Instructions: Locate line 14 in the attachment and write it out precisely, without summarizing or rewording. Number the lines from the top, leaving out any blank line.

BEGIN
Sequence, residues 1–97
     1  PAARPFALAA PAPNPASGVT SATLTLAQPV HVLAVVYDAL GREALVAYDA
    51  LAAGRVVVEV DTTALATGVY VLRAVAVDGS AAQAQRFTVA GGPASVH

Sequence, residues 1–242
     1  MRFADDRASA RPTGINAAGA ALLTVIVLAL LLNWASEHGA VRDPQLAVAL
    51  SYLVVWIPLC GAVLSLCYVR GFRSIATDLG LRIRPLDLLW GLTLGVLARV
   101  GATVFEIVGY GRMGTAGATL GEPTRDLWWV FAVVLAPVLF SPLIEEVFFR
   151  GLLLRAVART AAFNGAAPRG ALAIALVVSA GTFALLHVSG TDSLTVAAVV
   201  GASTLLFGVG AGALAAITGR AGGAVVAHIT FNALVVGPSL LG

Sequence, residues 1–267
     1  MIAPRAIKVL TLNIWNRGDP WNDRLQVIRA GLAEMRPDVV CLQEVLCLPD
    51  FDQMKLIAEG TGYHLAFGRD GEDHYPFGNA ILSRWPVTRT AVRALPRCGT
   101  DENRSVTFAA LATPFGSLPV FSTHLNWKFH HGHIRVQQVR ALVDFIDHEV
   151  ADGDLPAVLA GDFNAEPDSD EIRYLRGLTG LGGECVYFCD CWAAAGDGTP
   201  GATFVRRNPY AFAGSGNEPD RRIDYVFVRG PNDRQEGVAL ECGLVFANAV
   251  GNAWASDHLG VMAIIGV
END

   151  ADGDLPAVLA GDFNAEPDSD EIRYLRGLTG LGGECVYFCD CWAAAGDGTP